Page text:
The UK government has backed away from suggestions that Northern Ireland's continued membership of the EU customs union could be up for negotiation in Brexit talks.
Theresa May is coming under intense pressure from the Irish Government for fresh assurances that there will be no "hard border" between Northern Ireland and the Republic, with Taoiseach Leo Varadkar warning that deadlock in Brexit negotiations cannot be broken until the issue is resolved.
A Number 10 spokesman told reporters today that the UK continued to look for "an innovative way forward" on the issue.
Asked whether Northern Ireland could remain in the customs union following Brexit, the spokesman said: "That is a matter for negotiations."
But a Downing Street source later insisted that the Government's position that the whole of the UK will leave both the customs union and single market after Brexit has not changed.
Foreign Affairs Minister Simon Coveney said today it was difficult to see how border checks could be avoided if the UK's departure from the customs union and single market resulted in "regulatory divergence" between the North and the Republic.
Mr Varadkar has previously suggested a "bespoke" arrangement, similar to that operated on the Isle of Man, under which Northern Ireland, or the whole of the UK, would continue to observe the rules of the single market and customs union without necessarily remaining a member of them.
But Democratic Unionist Party leader Arlene Foster warned against any divergence between the regulatory framework of Northern Ireland and the British mainland, telling BBC Radio 4's Today programme: "What we don't want to see is any perception that Northern Ireland is in any way different from the rest of the UK, because that will cause us great difficulties in relation to trade.
"The single market that really matters to us is the single market of the United Kingdom."
She accused the Irish Government of "using the negotiations in Europe to put forward their views on what they believe the island of Ireland should look like in the future".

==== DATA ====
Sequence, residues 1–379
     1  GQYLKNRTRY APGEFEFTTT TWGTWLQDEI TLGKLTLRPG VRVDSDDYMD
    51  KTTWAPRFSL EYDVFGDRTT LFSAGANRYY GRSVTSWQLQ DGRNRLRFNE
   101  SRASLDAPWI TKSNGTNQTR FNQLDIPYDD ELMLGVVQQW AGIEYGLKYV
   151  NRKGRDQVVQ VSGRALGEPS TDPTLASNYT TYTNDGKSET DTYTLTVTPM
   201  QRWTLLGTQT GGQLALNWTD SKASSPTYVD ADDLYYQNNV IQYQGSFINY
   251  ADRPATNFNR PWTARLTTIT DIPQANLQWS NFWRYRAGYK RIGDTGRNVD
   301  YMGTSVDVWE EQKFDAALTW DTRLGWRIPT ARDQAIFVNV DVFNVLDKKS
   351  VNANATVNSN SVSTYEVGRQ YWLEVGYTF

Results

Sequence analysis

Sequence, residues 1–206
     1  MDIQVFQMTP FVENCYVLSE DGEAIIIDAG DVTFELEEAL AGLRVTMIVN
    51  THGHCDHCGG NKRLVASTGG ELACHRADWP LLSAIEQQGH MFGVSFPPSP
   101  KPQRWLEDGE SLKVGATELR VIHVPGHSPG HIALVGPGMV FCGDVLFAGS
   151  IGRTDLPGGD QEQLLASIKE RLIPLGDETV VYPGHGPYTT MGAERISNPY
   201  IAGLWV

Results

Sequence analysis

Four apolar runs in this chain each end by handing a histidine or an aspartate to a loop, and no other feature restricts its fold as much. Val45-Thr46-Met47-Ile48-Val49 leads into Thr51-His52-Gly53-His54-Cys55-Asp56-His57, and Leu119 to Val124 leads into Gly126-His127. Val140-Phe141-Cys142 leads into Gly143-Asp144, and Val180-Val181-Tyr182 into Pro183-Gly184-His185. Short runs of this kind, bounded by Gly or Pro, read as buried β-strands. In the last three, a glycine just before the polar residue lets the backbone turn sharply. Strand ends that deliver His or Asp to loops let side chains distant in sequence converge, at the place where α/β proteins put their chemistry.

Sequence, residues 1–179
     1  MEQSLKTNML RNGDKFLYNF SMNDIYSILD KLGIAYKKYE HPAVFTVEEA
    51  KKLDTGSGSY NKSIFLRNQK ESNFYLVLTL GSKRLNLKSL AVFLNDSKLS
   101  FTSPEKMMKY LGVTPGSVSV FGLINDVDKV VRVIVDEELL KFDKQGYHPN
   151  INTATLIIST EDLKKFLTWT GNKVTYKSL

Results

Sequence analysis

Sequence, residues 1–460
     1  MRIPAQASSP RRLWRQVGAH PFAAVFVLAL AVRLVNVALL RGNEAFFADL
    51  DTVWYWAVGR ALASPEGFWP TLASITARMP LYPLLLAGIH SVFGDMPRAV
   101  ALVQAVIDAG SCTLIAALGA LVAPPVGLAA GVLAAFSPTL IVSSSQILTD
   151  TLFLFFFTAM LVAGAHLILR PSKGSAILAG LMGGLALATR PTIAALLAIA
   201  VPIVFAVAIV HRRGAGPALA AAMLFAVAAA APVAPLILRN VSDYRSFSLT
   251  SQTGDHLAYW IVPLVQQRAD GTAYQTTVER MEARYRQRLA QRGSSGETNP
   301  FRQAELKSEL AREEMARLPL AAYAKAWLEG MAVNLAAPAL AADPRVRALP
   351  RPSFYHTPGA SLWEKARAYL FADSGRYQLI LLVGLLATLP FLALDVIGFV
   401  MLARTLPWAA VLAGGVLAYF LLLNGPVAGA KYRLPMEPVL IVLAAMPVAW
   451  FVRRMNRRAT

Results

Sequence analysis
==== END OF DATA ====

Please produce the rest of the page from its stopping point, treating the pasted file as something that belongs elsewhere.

Arriving in Brussels for a gathering of leaders from the EU and former Soviet states, Mrs May said it was time to move on to the "next stage" in the negotiations, including talks on a free trade deal.
However, Minister Coveney insisted EU leaders would not give the green light for the phase two negotiations to begin at their summit in December unless there was progress on the border issue.
He said British assurances on the issue were "aspirational" and that there had to be a "credible roadmap" from the UK setting out how they would ensure there was no return to a hard border.
"We can't move to phase two on the basis of aspiration," said Mr Coveney.
"We have move to phase two on the basis of a credible roadmap or the parameters around which we can design a credible roadmap to ensure that it doesn't happen," he said.
"The truth is that if we see regulatory divergence between the two jurisdictions on the island of Ireland it is very hard to see in that scenario how you avoid hard border checks.
"So we need progress on this issue in the context of the regulatory divergence issues.
"I hope and expect that we can get that by December so that we can all move on.
"If we can't, then I think there is going to be a difficulty coming up."
Mr Coveney added that the other member states were fully behind Ireland's stance on the issue.
"I don't think Ireland will have to block anything on its own. There is absolute solidarity across 27 countries here. They are with Ireland on this," he said.